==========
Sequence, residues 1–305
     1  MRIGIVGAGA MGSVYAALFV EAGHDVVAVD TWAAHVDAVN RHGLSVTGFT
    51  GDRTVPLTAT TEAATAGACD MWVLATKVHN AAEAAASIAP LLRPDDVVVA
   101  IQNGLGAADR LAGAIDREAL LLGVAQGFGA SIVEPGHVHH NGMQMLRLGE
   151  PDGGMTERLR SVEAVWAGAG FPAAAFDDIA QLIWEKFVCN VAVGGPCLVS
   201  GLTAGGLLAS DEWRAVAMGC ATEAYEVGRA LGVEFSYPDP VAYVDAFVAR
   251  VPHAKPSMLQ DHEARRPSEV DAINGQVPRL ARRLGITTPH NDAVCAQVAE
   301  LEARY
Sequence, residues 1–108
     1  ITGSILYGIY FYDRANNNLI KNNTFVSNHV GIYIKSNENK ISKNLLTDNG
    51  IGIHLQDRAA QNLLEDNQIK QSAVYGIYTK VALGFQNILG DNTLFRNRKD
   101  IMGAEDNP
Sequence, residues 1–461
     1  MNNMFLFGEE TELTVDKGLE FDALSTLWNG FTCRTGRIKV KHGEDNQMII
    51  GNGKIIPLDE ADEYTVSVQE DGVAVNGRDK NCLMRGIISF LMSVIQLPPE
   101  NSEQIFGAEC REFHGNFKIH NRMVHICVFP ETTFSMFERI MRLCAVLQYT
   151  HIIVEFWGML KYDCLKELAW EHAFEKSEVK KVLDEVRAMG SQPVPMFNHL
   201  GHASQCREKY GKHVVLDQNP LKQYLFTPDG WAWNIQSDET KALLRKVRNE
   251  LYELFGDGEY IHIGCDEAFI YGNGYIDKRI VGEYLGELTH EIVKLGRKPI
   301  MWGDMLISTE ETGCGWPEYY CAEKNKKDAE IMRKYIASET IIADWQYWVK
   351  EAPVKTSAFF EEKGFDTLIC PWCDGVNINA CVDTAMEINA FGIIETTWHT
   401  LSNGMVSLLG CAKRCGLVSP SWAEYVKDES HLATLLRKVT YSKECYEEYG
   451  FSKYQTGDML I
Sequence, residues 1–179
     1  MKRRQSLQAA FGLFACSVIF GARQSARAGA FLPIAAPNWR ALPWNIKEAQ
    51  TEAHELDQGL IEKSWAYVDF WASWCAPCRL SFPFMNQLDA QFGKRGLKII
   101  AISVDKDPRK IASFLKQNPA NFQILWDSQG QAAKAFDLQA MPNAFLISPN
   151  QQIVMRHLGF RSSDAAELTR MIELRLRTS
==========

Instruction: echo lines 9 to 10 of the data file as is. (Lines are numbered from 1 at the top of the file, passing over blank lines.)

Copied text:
Sequence, residues 1–108
     1  ITGSILYGIY FYDRANNNLI KNNTFVSNHV GIYIKSNENK ISKNLLTDNG